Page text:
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Forage blower fills bunker silo
"It eliminates the possibility of tractors and wagons getting stuck in silage, and allows us to build a bunker silo that takes up less space," says Leo Dunn, Clemons, Iowa, who uses a forage blower and a permanently-mounted 25-ft. high blower pipe to fill his bunker silo.
Dunn chains the pipe to a platform that's bolted to the side of the 32-ft. wide by 120-ft. long by 14-ft. high bunker silo, which is closed on one end. He uses a Deere 4630 tractor equipped with a front-mounted blade to level the piles created by the blower.
"Other farmers in my area unload silage on-the-go from a wagon into a bunker silo that's open on both ends," says Dunn, who feeds 1,100 beef cattle. "The tractor and wagon can get stuck if the silage isn't packed down well enough. We can unload a wagon load of silage into the blower in 5 min. and there's no chance of getting stuck. Using the blower also allows us to close up one end of the bunker silo and build a shorter but taller silo that takes up less space."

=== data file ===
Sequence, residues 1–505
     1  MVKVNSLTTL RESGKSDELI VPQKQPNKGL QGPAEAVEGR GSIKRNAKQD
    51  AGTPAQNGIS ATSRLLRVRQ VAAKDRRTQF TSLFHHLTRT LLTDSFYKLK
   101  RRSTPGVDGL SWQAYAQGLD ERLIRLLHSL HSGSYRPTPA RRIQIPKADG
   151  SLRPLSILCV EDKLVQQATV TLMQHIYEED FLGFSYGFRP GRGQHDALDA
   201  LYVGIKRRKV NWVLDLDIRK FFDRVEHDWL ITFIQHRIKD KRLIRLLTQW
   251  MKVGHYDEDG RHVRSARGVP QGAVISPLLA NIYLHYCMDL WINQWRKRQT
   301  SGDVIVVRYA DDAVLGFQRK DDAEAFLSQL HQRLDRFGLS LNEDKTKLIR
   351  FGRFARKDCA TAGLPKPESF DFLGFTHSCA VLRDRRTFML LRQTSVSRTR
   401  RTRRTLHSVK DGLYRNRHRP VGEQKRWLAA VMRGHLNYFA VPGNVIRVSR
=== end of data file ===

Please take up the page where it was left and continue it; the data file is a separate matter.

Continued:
OuLC the silo is filled, the silage pile atone open end is too steep to drive down with the 4630 tractor. Dunn attaches one end of a long cable to the 4630 and the other end to a tractor outside the silo. He then lets the cable out slowly to allow the tractor to roll backward down off the silo.
Dunn has two 20 by 80-ft. vertical silos that are located 100 ft. away from the bunker silo. When the vertical silos empty out, he refills them from the bunker silo with a 100-ft. long, 16-in. wide conveyor powered by a 10 hp electric motor.
Dunn had a Humboldt, Iowa fertilizer equipment manufacturer bolt two 50-ft. long conveyors together. He equipped the double conveyor with an old hammermill axle. He mounted the motor on the bunk feeder end of the conveyor which is 3 ft. off the ground. The other end of the conveyor is at ground level. Dunn uses a tractor and front-end loader to load silage into a wagon which meters it onto the conveyor belt. Altogether he spent $2,200 on the conveyor.
Contact: FARM SHOW Followup, Lee Dunn, 1405 120th St., Clemons, Iowa 50051 (ph 515 477-8337).


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1990 - Volume #14, Issue #3